Friday, August 4, 2023

Very Brief Graphs: Concentration of PLA and Category III Codes

I'm preparing for a mid-August presentation on CMS data in D.C. - the annual Next Gen Dx meeting.

One topic will be the proliferation of Category III and PLA codes, with hundreds active at any given time.  But it's a winner take all environment, with a 2 or 3 codes having over half the payments, and no more than 10 having nearly all the payments.  This is based on CMS Part B data for CY2021.

  • Unexpectedly, a tie-in to a JAMA Health Forum article this week by Sexton, Makower, and colleagues, on delays to LCDs and NCDs for new devices - here
    •  See abstract & AI summary of Sexton here.


For 130 PLA codes (and a few "M" administrative MAAA codes). Spending was $230M, with $75M and $45M for the top two codes (50%).


For 260 Category III code, spending was $185M, with $122M and $20M for the top two codes (about 75%).

2/3 of all Cat IIi spending, 66%, or $122M, went to the biggest code, an ophthalmology code with 103,000 services, 0191T.  

 The top ten Cat III codes had about 95% of all Category III spending.  That means Codes #2 to #10 had about 30% of spending, leaving 5% for all the remaining 250 codes.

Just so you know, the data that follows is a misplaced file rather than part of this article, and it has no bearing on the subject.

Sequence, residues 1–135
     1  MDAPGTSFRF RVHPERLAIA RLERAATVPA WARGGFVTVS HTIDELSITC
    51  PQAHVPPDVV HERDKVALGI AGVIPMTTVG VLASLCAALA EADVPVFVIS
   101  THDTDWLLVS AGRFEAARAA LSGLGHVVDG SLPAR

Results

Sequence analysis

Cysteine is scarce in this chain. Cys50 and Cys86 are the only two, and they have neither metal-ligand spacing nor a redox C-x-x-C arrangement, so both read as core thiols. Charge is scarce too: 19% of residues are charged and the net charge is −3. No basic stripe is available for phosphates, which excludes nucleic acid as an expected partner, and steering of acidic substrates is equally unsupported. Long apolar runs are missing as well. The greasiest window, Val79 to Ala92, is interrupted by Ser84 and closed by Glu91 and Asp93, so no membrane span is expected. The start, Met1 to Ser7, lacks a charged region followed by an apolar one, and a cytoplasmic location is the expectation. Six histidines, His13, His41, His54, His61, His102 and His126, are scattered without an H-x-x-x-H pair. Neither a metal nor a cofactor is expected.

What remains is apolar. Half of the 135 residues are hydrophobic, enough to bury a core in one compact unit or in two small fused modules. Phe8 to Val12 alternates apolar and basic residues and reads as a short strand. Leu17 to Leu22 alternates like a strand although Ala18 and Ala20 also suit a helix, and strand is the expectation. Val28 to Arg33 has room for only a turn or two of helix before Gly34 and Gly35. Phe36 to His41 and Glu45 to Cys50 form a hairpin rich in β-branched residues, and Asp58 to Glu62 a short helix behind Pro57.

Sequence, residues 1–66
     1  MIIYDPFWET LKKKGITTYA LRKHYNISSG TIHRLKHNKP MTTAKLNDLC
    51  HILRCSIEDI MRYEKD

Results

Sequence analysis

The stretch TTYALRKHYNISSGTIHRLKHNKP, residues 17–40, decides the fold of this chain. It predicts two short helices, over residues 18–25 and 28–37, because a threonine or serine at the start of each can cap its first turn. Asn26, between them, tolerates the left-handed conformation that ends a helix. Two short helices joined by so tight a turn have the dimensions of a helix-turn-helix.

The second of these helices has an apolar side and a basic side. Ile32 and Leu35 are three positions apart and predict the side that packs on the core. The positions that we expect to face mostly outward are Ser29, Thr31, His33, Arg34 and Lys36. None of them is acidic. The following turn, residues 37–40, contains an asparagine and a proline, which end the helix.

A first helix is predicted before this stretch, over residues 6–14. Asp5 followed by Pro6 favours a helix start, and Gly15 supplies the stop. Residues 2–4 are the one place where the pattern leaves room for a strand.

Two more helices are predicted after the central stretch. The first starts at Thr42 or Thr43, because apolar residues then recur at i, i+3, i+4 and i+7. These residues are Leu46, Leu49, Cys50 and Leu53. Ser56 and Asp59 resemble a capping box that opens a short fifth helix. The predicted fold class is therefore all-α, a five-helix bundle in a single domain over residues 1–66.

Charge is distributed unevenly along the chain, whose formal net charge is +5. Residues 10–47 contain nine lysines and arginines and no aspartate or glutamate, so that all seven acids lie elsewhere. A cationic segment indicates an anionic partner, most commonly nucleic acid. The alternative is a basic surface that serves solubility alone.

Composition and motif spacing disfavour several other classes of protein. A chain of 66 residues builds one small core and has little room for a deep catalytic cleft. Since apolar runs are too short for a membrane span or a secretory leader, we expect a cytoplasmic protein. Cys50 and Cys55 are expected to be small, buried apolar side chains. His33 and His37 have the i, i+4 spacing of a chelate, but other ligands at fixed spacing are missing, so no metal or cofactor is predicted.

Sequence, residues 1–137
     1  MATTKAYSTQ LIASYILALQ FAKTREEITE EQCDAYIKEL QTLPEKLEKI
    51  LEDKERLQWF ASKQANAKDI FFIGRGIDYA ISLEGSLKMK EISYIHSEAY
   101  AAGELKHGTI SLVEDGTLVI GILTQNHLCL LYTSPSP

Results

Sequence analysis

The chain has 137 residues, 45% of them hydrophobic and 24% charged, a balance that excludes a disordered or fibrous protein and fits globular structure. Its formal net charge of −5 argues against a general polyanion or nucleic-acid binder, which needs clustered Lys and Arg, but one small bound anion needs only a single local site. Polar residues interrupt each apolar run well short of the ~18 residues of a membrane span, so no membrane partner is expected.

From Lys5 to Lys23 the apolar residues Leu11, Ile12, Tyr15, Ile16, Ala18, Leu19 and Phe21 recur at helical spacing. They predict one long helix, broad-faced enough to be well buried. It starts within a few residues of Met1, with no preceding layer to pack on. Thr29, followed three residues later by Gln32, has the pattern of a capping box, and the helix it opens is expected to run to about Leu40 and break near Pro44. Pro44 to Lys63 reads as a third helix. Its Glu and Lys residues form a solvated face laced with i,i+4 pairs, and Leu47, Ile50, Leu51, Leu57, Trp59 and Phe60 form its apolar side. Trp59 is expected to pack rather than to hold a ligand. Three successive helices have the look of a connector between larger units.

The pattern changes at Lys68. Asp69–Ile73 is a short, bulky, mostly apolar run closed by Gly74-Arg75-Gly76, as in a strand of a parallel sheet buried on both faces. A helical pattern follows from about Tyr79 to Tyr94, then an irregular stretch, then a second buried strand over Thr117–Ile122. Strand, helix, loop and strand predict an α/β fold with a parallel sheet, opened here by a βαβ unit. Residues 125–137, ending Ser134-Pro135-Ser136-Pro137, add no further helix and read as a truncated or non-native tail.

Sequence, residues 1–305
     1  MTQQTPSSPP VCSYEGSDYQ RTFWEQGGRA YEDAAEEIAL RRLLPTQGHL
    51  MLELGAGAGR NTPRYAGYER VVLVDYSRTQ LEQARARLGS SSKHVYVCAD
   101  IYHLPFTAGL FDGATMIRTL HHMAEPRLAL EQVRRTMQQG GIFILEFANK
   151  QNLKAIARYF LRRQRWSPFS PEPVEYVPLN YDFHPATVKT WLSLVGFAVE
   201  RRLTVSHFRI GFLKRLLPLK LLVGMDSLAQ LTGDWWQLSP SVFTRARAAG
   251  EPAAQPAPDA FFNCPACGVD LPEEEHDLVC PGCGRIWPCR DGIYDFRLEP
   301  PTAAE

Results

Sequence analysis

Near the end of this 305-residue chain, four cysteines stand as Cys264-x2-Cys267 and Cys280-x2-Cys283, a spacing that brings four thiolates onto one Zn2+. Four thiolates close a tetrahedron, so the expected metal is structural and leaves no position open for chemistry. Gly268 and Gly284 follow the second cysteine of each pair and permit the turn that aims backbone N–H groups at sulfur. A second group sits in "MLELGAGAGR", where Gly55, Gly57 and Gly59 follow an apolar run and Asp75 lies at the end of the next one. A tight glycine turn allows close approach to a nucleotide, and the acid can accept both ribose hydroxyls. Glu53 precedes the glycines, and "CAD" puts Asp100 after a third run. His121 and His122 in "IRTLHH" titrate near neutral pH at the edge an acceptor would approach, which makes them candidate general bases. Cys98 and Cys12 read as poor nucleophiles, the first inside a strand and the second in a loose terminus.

The monopoly (oligopoly) marketplace calculation, Herfindahl Hirschman Index HHI, is 4553 (per ChatGPT Code Interpreter).  A perfect monopoly is 10,000 (100% squared, 100 squared), and HHI numbers over 2500 is an extremely concentrated market.  So if Cat III codes were an industry, they would be monopolistic.   GPT writes, "The HHI ranges from 10,000 (in the case of a pure monopoly) to close to 0 (in the case of an almost perfectly competitive market). An HHI of less than 1,500 is considered to indicate a competitive marketplace, an HHI of 1,500 to 2,500 is considered to indicate a moderately concentrated marketplace, and an HHI of 2,500 or greater is considered to indicate a highly concentrated marketplace.  Given an HHI of 4553.67, this market can be considered highly concentrated according to these guidelines."